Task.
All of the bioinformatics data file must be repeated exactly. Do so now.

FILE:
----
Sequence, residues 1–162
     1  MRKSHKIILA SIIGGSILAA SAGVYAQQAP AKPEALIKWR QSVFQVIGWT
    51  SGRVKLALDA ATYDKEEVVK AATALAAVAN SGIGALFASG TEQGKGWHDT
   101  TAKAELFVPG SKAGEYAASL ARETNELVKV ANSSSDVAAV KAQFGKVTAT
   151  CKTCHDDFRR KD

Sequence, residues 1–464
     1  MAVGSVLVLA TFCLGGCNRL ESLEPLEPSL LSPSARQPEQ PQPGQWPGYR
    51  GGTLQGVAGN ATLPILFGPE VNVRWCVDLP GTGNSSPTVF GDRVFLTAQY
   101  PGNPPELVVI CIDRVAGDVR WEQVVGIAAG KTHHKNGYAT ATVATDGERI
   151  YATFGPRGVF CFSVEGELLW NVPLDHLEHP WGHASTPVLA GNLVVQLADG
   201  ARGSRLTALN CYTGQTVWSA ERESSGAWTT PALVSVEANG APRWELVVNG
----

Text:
Sequence, residues 1–162
     1  MRKSHKIILA SIIGGSILAA SAGVYAQQAP AKPEALIKWR QSVFQVIGWT
    51  SGRVKLALDA ATYDKEEVVK AATALAAVAN SGIGALFASG TEQGKGWHDT
   101  TAKAELFVPG SKAGEYAASL ARETNELVKV ANSSSDVAAV KAQFGKVTAT
   151  CKTCHDDFRR KD

Sequence, residues 1–464
     1  MAVGSVLVLA TFCLGGCNRL ESLEPLEPSL LSPSARQPEQ PQPGQWPGYR
    51  GGTLQGVAGN ATLPILFGPE VNVRWCVDLP GTGNSSPTVF GDRVFLTAQY
   101  PGNPPELVVI CIDRVAGDVR WEQVVGIAAG KTHHKNGYAT ATVATDGERI
   151  YATFGPRGVF CFSVEGELLW NVPLDHLEHP WGHASTPVLA GNLVVQLADG
   201  ARGSRLTALN CYTGQTVWSA ERESSGAWTT PALVSVEANG APRWELVVNG